Sixty years ago—on June 29, 1956—President Eisenhower signed the Federal Aid Highway Act, launching the Interstate Highway System and the federal motor-fuels tax that funded the lion’s share of its construction.
Since then, according to a June 27 report from The Road Information Program (TRIP), traffic and congestion on the Interstates has worsened and funding is falling short of what’s needed to maintain and upgrade the network of highways and bridges.
Last December’s $305-billion, five-year Fixing America’s Surface Transportation, or FAST, Act, helped a bit. Construction and transportation industry officials like its long span, saying gives them more certainty to plan multi-year projects. But they also say that the law’s annual increases are far short of the sums needed.
Barring a major breakthrough in the next administration and next Congress, however the FAST Act’s numbers will be the ones state DOTs and construction firms will see until 2020.
In the meantime, what can the federal government, states and localities do to try to close the gap? U.S. Transportation Secretary Anthony Foxx says, “Yes, we have a challenge with the upkeep of our conventional transportation system. But more fundamentally we have a lot of unexamined assumptions about what it is that we need to do to increase mobility, going forward.”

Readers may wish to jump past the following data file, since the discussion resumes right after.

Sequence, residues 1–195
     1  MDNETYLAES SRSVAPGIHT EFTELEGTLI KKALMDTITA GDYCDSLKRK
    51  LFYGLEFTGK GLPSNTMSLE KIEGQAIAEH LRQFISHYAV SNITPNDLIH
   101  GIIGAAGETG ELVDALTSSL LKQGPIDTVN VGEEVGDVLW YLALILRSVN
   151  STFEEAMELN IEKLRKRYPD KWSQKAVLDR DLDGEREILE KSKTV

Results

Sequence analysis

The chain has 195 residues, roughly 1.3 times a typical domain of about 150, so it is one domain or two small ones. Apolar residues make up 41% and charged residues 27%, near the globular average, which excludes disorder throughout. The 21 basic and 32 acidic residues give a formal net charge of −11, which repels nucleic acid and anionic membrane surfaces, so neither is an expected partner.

Meeting with reporters at DOT headquarters on June 29, Foxx said, “Every time a transportation bill comes up, the only thing people want to talk about is, how much and how long? And I think the question of what we are spending our money on is as fundamental a question as anything else.”
He recalls that the Obama administration’s proposed six-year, $478-billion GROW AMERICA bill, sent to Congress in March 2015, was longer and had more funding than the FAST Act.
It retained the long-standing 80-20 highway-transit split in Highway Trust Fund dollars. But for its funding above the trust fund’s capacity, the administration sought to provide a larger share for transit and other non-highway transportation.
Foxx continued, “Why? Because if you look at how the country is organizing itself larger numbers of our population are coalescing around cities.”
He added, “Those cities are increasingly constrained [geographically] and the possibility of adding lane-miles is reducing as that population increases. And so what’s going to become important is having greater transportation choices in those places.”
Foxx said, “We’ve tried to push on that conversation and there was precious little policy discussion in the last highway bill.” He said, “And I think if I have a wish for the next time, this coming round, it’s that there will be at least equal attention paid to the policy as there is to the funding and the length of time that funding exists.”